Review: Gideon Smith and the Mechanical Girl
Gideon Smith’s father is a fisherman, and one day the ship returns to port in Sandsend, England, without his father or the crew. Determined to find out how a ship could lose its crew on a calm sea, Gideon begins to hear reports about monsters appearing in the local caves. He happens across a Mr. Bram Stoker, who is searching for inspiration for a new story. But Gideon’s obsession with World Marvels & Wonders, a penny dreadful that recounts the heroic exploits of Captain Lucian Trigger, at first makes Bram wonder about the believability of Gideon’s story.
They part ways: Gideon to London to look for Captain Trigger and Bram to investigate the arrival of a Russian ship without its crew. We are thrown into an adventure with vampires, mummies, automatons, dirigibles, and Egyptian artifacts. The characters are varied, with a cast of recognizable heroes: the inexperienced but enthusiastic youth, the cynical reporter, the mentor, the woman dirigible pilot, the pirate, and etc. The world terrain is different than we’re used to, steampunk technology is everywhere, and yet much of it is still familiar.
GIDEON SMITH AND THE MECHANICAL GIRL (Amazon) uses these with flair in a pulp fiction style. The main character is likable, but even our heroes have their dark sides, who despite their foibles can overcome their weaknesses to save the day. It’s a story of love, hope, redemption, and what makes a true hero.
So why did it take me so long to read this book? Why did I drag myself through each chapter and PoV?
GIDEON SMITH is not a bad story or poorly written. In fact the prose is pretty nice, the plot engaging and twisty enough to keep you guessing. There are so many cameos, such as Countess Elizabeth Bathory (Google her, seriously), Bram Stoker, Walter Jones (Henry’s father), and so many more, many of whom I found amusing if somewhat distracting.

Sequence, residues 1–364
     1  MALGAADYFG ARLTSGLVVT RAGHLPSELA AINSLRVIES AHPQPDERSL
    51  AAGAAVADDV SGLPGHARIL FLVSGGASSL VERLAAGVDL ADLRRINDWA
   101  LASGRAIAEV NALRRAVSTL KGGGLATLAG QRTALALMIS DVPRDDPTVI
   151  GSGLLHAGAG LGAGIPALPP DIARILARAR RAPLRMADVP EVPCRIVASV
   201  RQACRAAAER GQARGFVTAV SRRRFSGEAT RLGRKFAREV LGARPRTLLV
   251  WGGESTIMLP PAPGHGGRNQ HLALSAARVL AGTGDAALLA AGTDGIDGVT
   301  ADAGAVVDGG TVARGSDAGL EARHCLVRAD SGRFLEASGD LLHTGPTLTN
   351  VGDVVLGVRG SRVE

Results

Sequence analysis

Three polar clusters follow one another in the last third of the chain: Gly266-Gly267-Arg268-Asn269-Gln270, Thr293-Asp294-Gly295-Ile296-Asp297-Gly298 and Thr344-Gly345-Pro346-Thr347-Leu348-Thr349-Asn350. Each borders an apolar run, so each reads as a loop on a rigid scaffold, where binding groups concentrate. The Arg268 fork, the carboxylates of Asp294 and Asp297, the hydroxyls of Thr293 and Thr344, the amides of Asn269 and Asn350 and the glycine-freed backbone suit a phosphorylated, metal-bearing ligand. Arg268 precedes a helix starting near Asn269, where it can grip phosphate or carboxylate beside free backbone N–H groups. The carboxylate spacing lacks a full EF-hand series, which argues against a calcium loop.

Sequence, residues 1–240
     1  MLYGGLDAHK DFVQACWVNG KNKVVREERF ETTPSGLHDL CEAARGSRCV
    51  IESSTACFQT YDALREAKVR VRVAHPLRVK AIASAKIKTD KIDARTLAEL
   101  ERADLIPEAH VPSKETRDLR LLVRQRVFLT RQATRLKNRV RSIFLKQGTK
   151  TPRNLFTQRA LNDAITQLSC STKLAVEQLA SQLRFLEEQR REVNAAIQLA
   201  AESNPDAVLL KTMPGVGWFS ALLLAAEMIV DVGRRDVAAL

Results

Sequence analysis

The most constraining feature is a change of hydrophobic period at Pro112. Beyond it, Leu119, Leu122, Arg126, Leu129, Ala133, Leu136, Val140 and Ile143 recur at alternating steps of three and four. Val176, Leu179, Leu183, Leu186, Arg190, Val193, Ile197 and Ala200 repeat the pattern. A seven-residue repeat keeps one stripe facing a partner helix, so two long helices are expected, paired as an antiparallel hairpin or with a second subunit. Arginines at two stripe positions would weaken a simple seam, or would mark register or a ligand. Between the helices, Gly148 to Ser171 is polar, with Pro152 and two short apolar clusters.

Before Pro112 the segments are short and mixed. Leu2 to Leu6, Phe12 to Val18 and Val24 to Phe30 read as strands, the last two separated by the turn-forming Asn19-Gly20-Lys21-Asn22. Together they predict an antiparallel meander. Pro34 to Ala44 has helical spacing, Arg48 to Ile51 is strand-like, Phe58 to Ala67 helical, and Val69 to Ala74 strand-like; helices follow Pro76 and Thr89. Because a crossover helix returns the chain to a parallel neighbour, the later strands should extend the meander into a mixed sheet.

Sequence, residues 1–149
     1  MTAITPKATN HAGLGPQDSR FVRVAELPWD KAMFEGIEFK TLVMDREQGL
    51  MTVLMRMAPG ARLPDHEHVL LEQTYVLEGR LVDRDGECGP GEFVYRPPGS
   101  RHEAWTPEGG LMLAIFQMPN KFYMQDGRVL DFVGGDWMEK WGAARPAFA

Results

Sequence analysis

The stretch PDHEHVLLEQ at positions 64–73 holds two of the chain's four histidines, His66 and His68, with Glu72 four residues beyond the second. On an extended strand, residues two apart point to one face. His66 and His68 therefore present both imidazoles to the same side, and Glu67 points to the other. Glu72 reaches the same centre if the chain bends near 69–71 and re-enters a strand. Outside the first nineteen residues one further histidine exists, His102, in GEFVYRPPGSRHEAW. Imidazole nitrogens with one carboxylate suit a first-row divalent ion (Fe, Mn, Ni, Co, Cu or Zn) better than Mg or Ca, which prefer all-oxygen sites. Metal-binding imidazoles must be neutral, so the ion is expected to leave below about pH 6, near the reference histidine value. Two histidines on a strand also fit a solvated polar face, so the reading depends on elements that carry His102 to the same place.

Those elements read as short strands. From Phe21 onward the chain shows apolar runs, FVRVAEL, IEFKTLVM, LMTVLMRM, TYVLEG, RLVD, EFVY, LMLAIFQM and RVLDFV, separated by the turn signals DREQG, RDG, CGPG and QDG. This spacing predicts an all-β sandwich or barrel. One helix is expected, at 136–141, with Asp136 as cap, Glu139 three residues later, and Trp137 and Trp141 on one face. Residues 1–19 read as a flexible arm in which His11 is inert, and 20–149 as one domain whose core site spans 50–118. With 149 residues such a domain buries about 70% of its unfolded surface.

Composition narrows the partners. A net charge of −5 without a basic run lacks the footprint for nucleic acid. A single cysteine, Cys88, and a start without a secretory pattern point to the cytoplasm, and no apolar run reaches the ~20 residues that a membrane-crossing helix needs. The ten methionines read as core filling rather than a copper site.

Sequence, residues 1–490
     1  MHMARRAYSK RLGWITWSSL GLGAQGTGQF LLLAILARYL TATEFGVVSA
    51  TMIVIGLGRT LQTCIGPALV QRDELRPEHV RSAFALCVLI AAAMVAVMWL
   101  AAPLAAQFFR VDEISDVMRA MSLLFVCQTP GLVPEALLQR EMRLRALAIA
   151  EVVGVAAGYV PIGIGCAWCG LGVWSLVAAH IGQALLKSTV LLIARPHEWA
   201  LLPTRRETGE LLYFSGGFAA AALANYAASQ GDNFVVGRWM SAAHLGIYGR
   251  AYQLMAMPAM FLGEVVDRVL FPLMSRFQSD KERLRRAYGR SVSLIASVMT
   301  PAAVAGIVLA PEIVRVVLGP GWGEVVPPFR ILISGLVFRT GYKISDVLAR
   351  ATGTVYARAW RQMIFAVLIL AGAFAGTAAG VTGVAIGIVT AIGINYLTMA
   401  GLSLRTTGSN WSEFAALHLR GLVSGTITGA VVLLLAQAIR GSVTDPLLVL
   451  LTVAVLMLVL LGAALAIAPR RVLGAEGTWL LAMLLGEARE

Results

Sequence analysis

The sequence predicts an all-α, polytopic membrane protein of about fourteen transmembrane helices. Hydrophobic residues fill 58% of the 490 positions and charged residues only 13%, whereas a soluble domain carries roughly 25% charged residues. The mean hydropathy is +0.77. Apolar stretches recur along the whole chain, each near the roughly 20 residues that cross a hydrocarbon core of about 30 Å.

It’s an entertaining enough read, but Barnett adds things that give it a dark edge which turned me off to the story. It’s really a personal thing, you may not be bothered, and perhaps even like the realistic dark side of people and events. For example, the reporter was a crass, profane guy who was obsessed with the female form in a way that was juvenile and not funny. Or the married man knowingly being drawn into circumstances that hurt his reputation and strained his relationship with his wife. References to the automaton’s sexual slavery. There are other examples. I guess I didn’t see how such additions made the story better and all it did was make me want to put the book down because it caused me to distrust the characters when I should have been compelled to keep reading about them.
Another problem was the pacing, which suffered up until the end as characters move from place to place, make discoveries, cross paths, and etc. This is just the style of Barnett’s storytelling, the prose more interested in detail of movement than actually moving the story along. I think the voice/prose/style is great for the genre, but because I felt that disconnect from the characters the story felt slow.
Barnett makes up for the pacing by the last quarter when events start snowballing and we make discoveries that build on what’s come before. By the exciting end you are rooting for Gideon and you may even want to check out the sequel as a result.
- Recommended Age: 17+
- Language: Yes
- Violence: Fairly frequent, although not gruesome
- Sex: Referenced, one character in particular is quite crass
The sequel is out:
GIDEON SMITH AND THE BRASS DRAGON: Amazon